KATE ON CARS: Car Warranty Woes by Kate Jonasse
Car Warranty Woes
I had a customer with an Audi, really nice car, come in for another 5,000 mile maintenance service. It had only about 10,000 miles on it at the time and was still covered under the manufacturer’s warranty. By all means, one would think this car would be spic ‘n’ span, and mechanically flawless.
We dropped the engine under-panel, the plastic cover that is screwed to the car underneath the engine area, and did our standard visual safety inspection. On the transmission, we could see a slow fluid leak beginning to form. This leak would be visible with the panel off and had the car lifted up (like in a shop). There is no way my customer could have seen this or known it was there. The leak was still small, and it wouldn’t have dripped onto the ground, even if the under-panel wasn’t there to catch the drip before it hit the ground.
I let her know that this leak was there, and that she should schedule a repair with the dealership to have it repaired under warranty. She said she had recently been to the dealership, and they had not informed her about the leak, nor taken any action to repair it to her knowledge.
She scheduled the appointment as I recommended, and ended up having to have the transmission replaced twice in order to repair the problem. If the car had not been under warranty, it would have cost her thousands of hard-earned dollars to repair.
The moral of the story is, just because your car is under warranty does not mean that it is not driving around with mechanical flaws. These flaws can turn into expensive situations that may not rear their ugly heads until your car is out of warranty – and dependent upon your own pocketbook for repairs. Well, you bring your car to the dealership for services, so they inspect it each time and would let you know if there was any problem, right?
The answer is, not necessarily. Many auto manufacturers have a policy against repairing problems unless the owner specifically complains about them. This policy is passed on to the dealerships who service the cars. Even if a technician sees a small leak or a potential concern that could lead to an expensive repair later (like when the car is out of warranty), nothing will be done about it unless the owner complains about something. I’m not saying that if there was a safety problem, the dealership would let you drive the car off the lot and risk your life. But with small leak or a slightly worn non-safety component, your dealership’s hands may be tied unless you already know about it. And how would you possibly know? How much time do you spend crawling around underneath your car?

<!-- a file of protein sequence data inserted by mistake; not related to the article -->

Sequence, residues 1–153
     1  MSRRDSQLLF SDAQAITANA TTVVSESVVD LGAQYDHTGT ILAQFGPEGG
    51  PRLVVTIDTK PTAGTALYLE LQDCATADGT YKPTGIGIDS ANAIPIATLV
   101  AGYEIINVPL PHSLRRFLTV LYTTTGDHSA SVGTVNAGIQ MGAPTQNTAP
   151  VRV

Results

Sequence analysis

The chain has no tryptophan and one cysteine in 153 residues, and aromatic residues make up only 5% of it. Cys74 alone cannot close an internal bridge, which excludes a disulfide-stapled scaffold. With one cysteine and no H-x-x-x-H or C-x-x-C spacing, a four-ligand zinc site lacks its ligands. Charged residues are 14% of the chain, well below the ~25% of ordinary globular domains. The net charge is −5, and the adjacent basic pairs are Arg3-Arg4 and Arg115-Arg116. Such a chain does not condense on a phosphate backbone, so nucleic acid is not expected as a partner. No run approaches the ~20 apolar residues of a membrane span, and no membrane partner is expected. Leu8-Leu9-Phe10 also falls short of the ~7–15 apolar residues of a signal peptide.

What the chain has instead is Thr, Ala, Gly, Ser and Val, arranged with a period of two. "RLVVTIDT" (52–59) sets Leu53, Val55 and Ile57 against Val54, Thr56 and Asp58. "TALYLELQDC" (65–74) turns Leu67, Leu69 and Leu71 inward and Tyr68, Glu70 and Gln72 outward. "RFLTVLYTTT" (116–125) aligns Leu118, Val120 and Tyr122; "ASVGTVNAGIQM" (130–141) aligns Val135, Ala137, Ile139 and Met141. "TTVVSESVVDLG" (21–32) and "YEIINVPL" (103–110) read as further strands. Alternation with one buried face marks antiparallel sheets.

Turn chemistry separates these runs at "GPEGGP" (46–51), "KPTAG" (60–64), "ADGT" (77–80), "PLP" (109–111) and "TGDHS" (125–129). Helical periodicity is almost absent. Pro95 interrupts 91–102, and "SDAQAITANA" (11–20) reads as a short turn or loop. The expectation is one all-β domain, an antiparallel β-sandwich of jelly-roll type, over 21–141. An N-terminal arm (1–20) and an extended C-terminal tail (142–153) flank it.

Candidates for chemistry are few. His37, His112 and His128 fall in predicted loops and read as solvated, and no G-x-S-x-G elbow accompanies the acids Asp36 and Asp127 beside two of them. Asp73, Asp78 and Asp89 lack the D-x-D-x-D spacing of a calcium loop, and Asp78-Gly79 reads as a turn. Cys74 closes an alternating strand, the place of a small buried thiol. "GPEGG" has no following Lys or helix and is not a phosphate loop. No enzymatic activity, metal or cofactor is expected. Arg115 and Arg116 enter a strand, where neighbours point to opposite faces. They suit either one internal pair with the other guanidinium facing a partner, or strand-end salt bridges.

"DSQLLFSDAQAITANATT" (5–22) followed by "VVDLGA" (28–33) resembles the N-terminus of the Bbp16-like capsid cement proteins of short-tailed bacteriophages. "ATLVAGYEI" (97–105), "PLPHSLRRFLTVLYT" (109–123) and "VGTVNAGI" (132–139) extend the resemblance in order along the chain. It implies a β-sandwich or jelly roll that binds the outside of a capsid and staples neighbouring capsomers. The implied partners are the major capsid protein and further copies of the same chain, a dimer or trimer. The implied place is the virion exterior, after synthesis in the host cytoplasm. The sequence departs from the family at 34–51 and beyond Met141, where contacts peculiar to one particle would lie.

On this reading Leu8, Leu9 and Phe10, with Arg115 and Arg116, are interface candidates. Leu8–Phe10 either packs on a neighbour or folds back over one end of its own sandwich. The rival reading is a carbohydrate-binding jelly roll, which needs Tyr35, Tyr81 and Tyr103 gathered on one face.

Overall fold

This is where it really pays to have someone on your side when it comes to your automobile. It’s never a bad idea to develop a relationship with a local shop that you trust, and who has a good reputation for quality work, even if your car is still under warranty. Most manufacturers don’t pay for maintenance, and your auto’s warranty does not require you to go to the dealership for this maintenance. You might consider taking your car to a certified independent shop for maintenance services, like oil changes or the 30K. This will probably save you money short term, and could pay off big time if they catch something big, like my Audi customer’s transmission leak - before the warranty is expired.
By the way, I get asked a lot about maintenance intervals. Many times, in owner’s manuals we see recommended intervals that are too high to be good for your car, or even non-existent. For example, many vehicles now have “lifetime fill” transmissions. It sounds like a very cool thing to not have to service your transmission. But in reality, under many conditions the fluid breaks down and may eventually cause premature transmission failure if it isn’t replaced periodically.
So why would a manufacturer say the car can go longer between maintenance services than it really should? Because lower maintenance costs make the car more attractive to buyers. By the time components like engines and transmissions are damaged to the point of failure due to lack of fluid changes, the vehicle is out of warranty. At that point, the responsibility of paying for repairs is out of their hands and into yours.
Once again, the moral of this story is: Developing a good relationship with a local automotive repair shop could save you your hard earned money, even if your car is under warranty.